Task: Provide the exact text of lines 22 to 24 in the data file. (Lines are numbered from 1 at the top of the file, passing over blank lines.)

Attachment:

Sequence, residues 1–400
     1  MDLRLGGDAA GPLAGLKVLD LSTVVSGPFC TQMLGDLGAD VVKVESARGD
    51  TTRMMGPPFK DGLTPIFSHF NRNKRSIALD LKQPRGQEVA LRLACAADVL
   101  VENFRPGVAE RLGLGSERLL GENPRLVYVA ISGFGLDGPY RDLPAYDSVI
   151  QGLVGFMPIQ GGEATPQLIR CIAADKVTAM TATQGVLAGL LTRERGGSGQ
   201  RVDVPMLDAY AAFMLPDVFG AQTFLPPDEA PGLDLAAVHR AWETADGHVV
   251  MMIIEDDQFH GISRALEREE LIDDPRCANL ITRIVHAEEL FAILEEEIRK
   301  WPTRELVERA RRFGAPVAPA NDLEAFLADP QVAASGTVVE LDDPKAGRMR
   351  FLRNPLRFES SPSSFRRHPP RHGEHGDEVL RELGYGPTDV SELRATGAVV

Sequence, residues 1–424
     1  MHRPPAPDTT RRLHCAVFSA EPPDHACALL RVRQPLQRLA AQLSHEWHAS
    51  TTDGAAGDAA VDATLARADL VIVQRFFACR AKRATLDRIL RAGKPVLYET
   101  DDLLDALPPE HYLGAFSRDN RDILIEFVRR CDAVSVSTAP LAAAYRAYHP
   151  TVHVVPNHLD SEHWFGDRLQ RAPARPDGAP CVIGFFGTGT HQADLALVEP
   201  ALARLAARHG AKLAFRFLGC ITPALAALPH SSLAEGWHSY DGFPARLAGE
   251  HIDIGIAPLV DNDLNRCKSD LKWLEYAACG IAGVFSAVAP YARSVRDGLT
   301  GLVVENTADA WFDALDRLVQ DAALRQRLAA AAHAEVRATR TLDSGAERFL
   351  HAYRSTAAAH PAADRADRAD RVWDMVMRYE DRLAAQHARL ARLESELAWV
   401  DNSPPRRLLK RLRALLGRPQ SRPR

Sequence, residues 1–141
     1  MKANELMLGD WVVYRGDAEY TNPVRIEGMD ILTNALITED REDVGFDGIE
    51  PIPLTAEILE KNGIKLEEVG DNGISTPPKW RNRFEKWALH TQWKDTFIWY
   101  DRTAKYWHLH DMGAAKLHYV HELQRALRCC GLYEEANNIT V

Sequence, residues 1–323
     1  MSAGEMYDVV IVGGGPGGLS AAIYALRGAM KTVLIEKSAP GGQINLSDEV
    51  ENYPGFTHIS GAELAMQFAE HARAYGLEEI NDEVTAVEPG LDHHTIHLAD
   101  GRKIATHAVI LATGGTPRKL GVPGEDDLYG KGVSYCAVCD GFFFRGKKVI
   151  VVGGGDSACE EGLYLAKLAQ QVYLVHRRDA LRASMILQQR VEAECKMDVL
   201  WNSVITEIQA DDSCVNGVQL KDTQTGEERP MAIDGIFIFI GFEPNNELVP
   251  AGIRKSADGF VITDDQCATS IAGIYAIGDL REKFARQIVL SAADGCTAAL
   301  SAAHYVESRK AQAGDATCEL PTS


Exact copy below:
    51  PIPLTAEILE KNGIKLEEVG DNGISTPPKW RNRFEKWALH TQWKDTFIWY
   101  DRTAKYWHLH DMGAAKLHYV HELQRALRCC GLYEEANNIT V

Sequence, residues 1–323